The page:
Projects By Status: Completed

Landscape Conservation Cooperatives use a collaborative approach to identify landscape scale conservation solutions. LCCs work across jurisdictional and political boundaries to work with partners to: meet unfilled conservation needs, develop decision support tools, share data and knowledge, and facilitate and foster partnerships.

As part of a shared science strategy, LCCs coordinate closely with the National Climate Change and Wildlife Center and the eight regional Climate Science Centers.

As part of the Genoa National Fish Hatchery Native Freshwater Mussel Restoration Program, U.S. Fish and Wildlife Service researchers utilized advanced technology in mobile rearing to evaluate how different water sources support growth and survival of young freshwater mussels.

A strong data foundation is needed to inform science-based decisions for fisheries management at a watershed level.

Provide decision support through develpoment of models and DSTs that inform conservation delivery for easements and habitat management within the LCA that address population and habitat objectives for surrogate species.

Construct enclosures at Columbia Mine to house approximately 60 turtles (translocated animals) that were collected off of the right-of-way for sections 2 and 4 of I-69.

In February 2014, taking action to implement a 2012 U.S.-Mexico agreement on the Colorado River known as Minute 319, International Boundary and Water Commissioners (IBWC) Edward Drusina and Roberto Fernando Salmon Castelo announced plans to move forward with a one-time pulse flow (a release of wa

Creating a detailed vegetation classification and digital map for Squaw Creek National Wildlife Refuge to use for habitat management decisions and tracking land use changes.

Overgrazing and fire suppression have led to a loss of deep soils and vegetative cover in the 420,000 acre Alamosa Creek watershed in southwestern New Mexico.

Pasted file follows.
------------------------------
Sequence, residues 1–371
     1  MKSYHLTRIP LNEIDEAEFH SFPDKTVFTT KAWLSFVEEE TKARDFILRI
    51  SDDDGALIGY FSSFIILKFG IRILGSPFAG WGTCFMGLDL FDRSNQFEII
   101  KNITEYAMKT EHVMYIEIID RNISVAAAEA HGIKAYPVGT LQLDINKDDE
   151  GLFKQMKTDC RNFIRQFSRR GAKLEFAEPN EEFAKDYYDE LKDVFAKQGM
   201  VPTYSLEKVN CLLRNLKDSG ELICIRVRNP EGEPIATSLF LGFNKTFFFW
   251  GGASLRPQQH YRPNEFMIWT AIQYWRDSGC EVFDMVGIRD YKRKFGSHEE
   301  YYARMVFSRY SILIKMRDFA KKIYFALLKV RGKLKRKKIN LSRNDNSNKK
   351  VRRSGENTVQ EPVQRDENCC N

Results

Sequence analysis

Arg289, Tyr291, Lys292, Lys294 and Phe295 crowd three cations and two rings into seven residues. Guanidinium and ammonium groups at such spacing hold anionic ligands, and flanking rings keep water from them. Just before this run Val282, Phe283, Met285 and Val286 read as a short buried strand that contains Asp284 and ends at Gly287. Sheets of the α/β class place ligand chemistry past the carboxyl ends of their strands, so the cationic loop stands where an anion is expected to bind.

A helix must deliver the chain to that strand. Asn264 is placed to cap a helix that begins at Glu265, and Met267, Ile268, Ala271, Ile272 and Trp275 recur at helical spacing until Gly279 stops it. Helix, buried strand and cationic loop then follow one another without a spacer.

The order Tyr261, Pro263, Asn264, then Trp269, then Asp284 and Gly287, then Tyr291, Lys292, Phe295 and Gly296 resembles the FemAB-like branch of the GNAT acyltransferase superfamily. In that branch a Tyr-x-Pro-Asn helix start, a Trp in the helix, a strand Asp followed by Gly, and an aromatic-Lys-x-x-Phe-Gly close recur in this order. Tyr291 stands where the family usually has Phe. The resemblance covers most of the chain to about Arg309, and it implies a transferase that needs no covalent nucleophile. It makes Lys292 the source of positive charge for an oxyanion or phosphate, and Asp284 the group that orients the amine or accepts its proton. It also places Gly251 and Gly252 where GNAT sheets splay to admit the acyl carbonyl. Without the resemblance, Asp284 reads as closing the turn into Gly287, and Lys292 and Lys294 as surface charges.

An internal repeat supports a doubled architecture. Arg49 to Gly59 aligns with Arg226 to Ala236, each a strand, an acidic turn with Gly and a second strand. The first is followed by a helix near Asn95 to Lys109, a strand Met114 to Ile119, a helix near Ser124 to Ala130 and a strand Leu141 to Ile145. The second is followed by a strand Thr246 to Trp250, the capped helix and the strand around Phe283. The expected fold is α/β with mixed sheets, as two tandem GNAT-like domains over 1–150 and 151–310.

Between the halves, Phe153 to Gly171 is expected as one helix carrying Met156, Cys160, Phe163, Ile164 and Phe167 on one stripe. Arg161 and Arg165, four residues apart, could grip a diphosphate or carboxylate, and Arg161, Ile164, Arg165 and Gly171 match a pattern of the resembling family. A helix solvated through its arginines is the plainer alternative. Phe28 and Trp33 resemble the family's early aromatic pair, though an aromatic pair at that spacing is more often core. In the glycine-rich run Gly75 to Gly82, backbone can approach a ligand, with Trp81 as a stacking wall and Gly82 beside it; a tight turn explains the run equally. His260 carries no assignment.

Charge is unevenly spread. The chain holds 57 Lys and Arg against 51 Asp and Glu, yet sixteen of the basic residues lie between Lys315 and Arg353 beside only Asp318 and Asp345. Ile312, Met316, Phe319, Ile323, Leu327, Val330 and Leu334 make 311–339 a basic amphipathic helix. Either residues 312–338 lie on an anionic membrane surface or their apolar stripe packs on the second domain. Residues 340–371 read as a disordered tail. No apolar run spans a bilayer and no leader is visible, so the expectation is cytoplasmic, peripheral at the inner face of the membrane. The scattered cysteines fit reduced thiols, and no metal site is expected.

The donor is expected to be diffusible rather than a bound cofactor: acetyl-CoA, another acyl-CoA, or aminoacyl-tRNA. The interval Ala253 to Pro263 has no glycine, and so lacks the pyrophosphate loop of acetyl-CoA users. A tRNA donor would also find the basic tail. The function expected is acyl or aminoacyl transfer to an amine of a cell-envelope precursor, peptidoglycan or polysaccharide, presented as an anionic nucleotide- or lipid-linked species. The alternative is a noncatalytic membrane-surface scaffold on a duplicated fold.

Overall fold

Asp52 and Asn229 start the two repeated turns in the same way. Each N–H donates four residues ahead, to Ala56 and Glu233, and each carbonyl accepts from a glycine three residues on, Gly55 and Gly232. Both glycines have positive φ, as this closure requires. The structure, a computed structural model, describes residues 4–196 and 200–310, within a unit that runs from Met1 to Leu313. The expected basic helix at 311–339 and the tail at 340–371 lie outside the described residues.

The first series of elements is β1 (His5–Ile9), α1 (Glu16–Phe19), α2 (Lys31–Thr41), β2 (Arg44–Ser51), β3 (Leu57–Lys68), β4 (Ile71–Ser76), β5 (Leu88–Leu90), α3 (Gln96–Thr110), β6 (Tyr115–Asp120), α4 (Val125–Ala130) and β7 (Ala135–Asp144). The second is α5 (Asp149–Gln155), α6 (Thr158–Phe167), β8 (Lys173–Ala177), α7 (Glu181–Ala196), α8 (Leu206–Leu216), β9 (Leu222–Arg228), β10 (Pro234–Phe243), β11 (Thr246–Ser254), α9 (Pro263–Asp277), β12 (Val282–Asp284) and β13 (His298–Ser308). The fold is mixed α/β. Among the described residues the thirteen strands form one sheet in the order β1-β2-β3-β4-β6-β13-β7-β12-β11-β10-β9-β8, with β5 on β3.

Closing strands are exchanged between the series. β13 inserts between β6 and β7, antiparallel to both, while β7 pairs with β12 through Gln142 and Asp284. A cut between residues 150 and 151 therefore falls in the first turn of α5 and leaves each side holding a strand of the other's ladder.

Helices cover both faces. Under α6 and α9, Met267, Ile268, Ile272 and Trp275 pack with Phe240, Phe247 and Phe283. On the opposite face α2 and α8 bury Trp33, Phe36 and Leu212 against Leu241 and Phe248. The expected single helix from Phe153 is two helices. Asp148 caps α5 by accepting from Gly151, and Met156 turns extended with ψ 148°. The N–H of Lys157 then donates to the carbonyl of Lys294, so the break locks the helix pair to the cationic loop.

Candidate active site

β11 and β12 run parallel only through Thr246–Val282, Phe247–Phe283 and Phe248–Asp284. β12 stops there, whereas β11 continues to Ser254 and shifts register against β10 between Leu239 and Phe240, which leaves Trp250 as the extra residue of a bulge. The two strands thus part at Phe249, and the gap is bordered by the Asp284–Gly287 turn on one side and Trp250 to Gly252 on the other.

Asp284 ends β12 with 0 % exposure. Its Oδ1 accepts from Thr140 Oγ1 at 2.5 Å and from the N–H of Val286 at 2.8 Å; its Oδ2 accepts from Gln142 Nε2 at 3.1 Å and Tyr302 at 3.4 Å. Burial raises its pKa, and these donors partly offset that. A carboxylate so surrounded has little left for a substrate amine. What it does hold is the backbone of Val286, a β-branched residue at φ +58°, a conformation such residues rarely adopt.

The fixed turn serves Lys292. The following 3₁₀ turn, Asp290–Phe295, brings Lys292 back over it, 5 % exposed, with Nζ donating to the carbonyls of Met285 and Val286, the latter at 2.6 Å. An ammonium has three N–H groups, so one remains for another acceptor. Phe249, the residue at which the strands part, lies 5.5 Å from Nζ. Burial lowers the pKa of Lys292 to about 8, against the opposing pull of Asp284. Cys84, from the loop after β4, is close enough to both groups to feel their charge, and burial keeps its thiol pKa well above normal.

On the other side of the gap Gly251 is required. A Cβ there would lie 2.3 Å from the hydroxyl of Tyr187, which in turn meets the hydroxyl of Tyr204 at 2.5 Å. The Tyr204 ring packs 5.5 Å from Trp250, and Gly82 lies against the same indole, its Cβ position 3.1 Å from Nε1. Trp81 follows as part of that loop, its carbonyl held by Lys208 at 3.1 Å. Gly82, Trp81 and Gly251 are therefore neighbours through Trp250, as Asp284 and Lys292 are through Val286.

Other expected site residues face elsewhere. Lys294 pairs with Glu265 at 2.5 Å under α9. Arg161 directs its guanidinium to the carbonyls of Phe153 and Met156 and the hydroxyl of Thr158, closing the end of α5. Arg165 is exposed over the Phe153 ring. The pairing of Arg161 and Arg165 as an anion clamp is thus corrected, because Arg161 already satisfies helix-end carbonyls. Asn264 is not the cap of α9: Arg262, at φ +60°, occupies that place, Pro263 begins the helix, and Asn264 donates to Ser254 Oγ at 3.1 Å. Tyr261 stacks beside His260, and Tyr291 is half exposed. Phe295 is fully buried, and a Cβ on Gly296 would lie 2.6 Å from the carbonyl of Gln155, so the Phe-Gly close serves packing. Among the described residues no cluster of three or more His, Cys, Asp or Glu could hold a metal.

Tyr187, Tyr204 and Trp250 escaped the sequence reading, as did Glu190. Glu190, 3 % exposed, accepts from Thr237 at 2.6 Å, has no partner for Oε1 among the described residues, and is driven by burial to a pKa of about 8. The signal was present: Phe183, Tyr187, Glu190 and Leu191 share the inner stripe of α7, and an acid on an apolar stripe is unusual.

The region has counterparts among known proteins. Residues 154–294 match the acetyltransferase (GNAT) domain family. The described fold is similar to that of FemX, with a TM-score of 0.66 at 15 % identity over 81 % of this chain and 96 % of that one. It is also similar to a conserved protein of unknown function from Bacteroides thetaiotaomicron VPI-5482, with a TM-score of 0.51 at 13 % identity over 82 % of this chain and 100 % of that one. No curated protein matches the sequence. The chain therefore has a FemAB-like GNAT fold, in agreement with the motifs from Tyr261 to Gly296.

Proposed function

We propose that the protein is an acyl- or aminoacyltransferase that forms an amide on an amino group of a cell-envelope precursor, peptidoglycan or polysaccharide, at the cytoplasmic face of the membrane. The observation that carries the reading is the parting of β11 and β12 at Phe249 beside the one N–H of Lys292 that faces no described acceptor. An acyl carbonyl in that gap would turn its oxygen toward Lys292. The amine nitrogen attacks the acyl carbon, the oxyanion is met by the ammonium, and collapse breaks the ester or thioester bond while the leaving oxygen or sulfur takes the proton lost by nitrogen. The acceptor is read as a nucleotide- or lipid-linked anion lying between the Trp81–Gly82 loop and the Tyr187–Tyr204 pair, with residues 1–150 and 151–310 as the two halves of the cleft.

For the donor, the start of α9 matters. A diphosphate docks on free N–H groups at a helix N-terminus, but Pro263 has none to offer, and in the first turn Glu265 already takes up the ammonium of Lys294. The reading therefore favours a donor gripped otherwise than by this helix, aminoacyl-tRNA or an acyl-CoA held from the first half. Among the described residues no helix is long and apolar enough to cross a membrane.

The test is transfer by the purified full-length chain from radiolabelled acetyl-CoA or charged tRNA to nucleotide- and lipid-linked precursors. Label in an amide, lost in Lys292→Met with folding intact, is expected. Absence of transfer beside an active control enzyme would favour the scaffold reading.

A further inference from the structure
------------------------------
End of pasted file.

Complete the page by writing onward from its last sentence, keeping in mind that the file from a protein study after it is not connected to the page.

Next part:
The efficiency and effectiveness of aerial photography by the U.S. Fish and Wildlife Service’s Midwest Aviation Program has been improved with upgraded components for the Applanix DSS 439 Camera System, including a 60 millimeter lens and gyro-stabilization mount. Both are installed and in use.

Our approach will include sampling a wide range of habitats and environmental conditions throughout the middle and lower Pecos River basin, across an 18 month time-span to account for seasonal and phenological events.

Assessing the vulnerability of species or ecosystems to climate change and formulating appropriate management responses requires predictions of the exposure and sensitivity of the species or ecosystems to projected changes.

Despite growing interest in ecosystem services and multi-functional landscapes, there are still relatively few examples of projects that assess the delivery of multiple goods and services and evaluate how multi-objective conservation strategies can improve outcomes relative to single-objective or

University of Arizona will conduct an ecosystem conservation assessment for the lower San Pedro (LSP) watershed.

Hardware to collect infrared digital imagery during periods of peak vegetative growth to develop a cover map for the Mississippi River floodplain from Minneapolis, Minn. to the Ohio River confluence.

The substantially natural hydrography of the upper Gila River supports one of the highest levels of aquatic and riparian biodiversity in the region, including the largest complement of native fishes and some of the best remaining riparian habitat in the lower Colorado River Basin.